So what might this look like? You want to be sure you have a standardized way of hiring, for example. You also can increase the number of activities you are doing in your recruitment process so that you make sure you are hiring from a diverse pool of employees. Last but not least, you can introduce more formal ways where people can give feedback and input so that opinions are heard and so that employees feel safe to voice concerns.
Some companies may already have these processes (or tools) in place, but consider reviewing them throughout the employee experience to make sure they are still aligned with what is best for your company.
Reach out to local communities
There’s often a lack of women in safety-related academic programs, but part of that is due to a lack of awareness about career opportunities in STEM careers.
If your company has the resources, consider getting involved in local communities or with local universities and colleges.
One study from the American Association of University Women found that among first-year college students, women are much less likely than men to say they intend to declare a STEM major (1). The reality is that if organizations and leaders can educate and inform women about the attractiveness of safety and health careers, more women will enter STEM-related degrees and careers.
Knowing that women make up about 50 percent of the workforce, working alongside local schools and universities is a long-term strategy that can support more women becoming involved in safety-related roles and careers (1).
Start the discussion
Problems or differences in the workplace can often be ignored. Or, we can simply make it a point to avoid talking about them entirely!
Instead, be more intentional about talking about differences as an organization.
Inclusion is made possible when these differences are identified, valued, embraced, and celebrated. To start to evolve your culture to be more inclusive, a great first step is to start talking about that commitment you have to both diversity and inclusion. In the process, don’t forget to explain and demonstrate why these efforts—and these differences—matter so much to the workforce (1).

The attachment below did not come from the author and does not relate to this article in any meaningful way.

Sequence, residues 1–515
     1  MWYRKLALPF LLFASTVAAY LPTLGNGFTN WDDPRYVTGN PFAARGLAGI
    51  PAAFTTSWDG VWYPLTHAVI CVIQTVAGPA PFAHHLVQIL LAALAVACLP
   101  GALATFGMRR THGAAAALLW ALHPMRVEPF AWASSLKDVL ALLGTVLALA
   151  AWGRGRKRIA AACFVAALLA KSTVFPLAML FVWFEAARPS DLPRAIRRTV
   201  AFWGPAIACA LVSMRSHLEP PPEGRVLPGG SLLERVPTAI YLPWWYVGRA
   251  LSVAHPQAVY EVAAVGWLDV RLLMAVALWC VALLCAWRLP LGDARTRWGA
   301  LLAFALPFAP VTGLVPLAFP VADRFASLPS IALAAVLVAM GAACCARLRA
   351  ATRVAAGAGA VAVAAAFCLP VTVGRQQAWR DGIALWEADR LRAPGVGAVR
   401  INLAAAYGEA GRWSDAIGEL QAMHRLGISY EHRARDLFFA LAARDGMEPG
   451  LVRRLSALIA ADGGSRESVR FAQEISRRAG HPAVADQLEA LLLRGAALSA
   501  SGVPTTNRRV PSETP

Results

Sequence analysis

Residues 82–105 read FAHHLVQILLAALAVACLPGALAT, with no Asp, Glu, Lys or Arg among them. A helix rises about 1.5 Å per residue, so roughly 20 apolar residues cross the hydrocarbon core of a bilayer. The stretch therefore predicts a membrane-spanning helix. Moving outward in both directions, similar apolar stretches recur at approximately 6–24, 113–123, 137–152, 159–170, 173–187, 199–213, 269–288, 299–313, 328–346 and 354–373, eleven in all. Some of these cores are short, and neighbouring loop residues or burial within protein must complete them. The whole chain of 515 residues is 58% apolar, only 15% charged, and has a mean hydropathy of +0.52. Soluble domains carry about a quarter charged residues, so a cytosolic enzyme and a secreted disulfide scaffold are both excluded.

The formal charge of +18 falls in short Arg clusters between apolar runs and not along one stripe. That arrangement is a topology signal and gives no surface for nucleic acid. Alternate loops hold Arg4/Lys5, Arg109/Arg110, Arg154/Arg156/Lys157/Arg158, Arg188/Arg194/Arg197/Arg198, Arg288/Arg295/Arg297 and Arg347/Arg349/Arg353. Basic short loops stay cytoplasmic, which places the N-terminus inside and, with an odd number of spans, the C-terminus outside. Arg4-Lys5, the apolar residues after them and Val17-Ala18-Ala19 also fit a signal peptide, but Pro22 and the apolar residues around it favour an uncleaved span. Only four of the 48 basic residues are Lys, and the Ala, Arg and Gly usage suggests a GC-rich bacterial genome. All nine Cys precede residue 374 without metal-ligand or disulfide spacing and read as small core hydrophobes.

Measure what you’re doing
If you don’t measure or monitor your initiatives or programs, you’ll never really know if they are succeeding or not. Make sure you have data that you collect that can tell you about the effectiveness of what you’re doing…or, at minimum, it can tell you ways to improve upon what you are doing. If you don’t have benchmarks and work against those benchmarks, you could be hurting your ability to support women in the workplace (1).
‘Closing the Gap’ Really Is About Safety
Organizations should strive to represent all types of workers. Doing so actually makes the workplace safer…not to mention more productive and more profitable.
Consider how workplace risks that are specific to women can be overlooked if no one acknowledges or identifies these as risks to begin with! If no one is attuned to the risks because it doesn’t reflect the majority, then the hazards and risks will remain (1).
Research shows that women are in fact faced with different workplace hazards and risks than man. Just think about the increased risk of workplace violence that women face. A few other examples include carpal tunnel syndrome, anxiety and stress disorders, and improperly fitting PPE (1).
All in all, most would agree that safety always has to be customized and personal to be effective. For that to be true, companies need to advocate for and fully support women with solutions that are designed for—and designed by—women.